November/December 2011

What the
Swedes Read

A Reader Makes His Way Through
One Book By Each Nobel Laureate

by Daniel Handler
  • LAUREATE: Elfriede Jelinek (2004, Austria)
  • BOOK READ: The Piano Teacher, trans. Joachim Neugroschel

I like sex in a novel. The way I feel about sex in novels is basically how I feel about it in life: it’s inherently interesting, it’s an opportunity for emotional and/or narrative development, and the pleasure’s worth the risk of embarrassment. I like it, and I find it troubling when it’s completely absent from a situation that clearly calls for it.

I get this troubling feeling when I read much recent American realist fiction, which often puffs up with bravery to examine various personal or sociopolitical narratives with searing honesty, and then has people fall into each other’s arms and shut the bedroom door and then there are three asterisks and it’s the next morning. More than one American author has told me they’ve avoided writing sex scenes because what might be exciting to one reader is tedious to another, which is curious reasoning, as the same could be said of any subject at all, as any reader who’s giggled through a bad death scene knows all too well. But, of course, that’s not why they’re not writing sex scenes. They’re not writing them because they’re difficult to write well. To which I say: So’s descriptions of landscapes. But you keep doing that, don’t you? Get back to your desk.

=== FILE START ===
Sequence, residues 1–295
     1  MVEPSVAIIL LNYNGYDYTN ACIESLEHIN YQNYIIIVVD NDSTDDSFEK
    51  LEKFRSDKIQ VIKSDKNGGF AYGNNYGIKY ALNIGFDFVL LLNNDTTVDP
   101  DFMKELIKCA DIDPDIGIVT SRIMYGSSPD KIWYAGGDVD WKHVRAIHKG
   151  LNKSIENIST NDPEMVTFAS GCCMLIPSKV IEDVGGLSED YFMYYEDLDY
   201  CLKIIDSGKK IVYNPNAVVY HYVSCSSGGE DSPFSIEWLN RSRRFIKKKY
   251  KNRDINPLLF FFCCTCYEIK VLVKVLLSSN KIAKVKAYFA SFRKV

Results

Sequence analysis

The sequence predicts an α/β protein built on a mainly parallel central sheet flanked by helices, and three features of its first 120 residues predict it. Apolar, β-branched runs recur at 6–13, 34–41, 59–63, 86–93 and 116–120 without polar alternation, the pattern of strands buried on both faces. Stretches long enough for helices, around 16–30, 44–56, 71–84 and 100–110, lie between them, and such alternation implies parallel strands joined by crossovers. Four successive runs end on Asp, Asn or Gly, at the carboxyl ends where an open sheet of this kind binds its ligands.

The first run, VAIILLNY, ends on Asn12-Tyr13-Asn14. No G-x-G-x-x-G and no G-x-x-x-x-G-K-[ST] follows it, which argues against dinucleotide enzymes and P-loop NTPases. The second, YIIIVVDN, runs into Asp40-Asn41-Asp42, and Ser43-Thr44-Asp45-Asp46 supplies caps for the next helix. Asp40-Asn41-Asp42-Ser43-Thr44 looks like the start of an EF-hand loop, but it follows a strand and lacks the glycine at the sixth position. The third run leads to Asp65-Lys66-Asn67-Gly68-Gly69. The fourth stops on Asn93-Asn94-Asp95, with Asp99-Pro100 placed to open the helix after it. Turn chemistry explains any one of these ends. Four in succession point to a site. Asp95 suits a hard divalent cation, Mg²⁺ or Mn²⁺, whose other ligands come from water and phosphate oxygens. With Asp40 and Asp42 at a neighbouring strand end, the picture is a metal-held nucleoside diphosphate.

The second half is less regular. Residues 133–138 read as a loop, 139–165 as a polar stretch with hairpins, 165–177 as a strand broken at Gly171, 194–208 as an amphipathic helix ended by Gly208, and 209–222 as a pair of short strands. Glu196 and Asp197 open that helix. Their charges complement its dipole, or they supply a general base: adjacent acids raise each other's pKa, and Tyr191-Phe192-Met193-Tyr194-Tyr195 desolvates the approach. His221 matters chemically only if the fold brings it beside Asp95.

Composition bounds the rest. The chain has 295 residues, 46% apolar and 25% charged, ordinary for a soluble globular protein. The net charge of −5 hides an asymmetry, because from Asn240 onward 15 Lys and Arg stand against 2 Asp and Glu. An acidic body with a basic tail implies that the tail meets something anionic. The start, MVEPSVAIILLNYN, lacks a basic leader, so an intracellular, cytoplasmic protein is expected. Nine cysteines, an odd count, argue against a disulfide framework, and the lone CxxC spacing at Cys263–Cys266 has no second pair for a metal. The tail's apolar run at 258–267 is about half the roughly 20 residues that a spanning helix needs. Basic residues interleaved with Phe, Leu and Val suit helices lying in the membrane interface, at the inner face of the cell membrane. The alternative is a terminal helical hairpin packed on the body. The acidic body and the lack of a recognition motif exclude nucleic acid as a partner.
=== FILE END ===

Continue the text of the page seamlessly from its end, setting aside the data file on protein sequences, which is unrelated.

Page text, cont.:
All this is a roundabout way for me to say that Elfriede Jelinek’s novel The Piano Teacher is full of sex. It was made into a film you might have seen—no, not the Polanski one, that’s The Pianist; no, not Holly Hunter as a mute, that’s The Piano; Isabelle Huppert, yes, that’s the one—that was praised for its quiet tension and control, but the novel runs wild and rampant, spilling sex into every crevice. It’s not a dirty book—it’s filthy. And while this is the opposite of the primness in some recent American fiction, it isn’t exactly the opposite of troubling.

We hope you enjoy this excerpt.

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Daniel Handler writes books under his own name and as Lemony Snicket.

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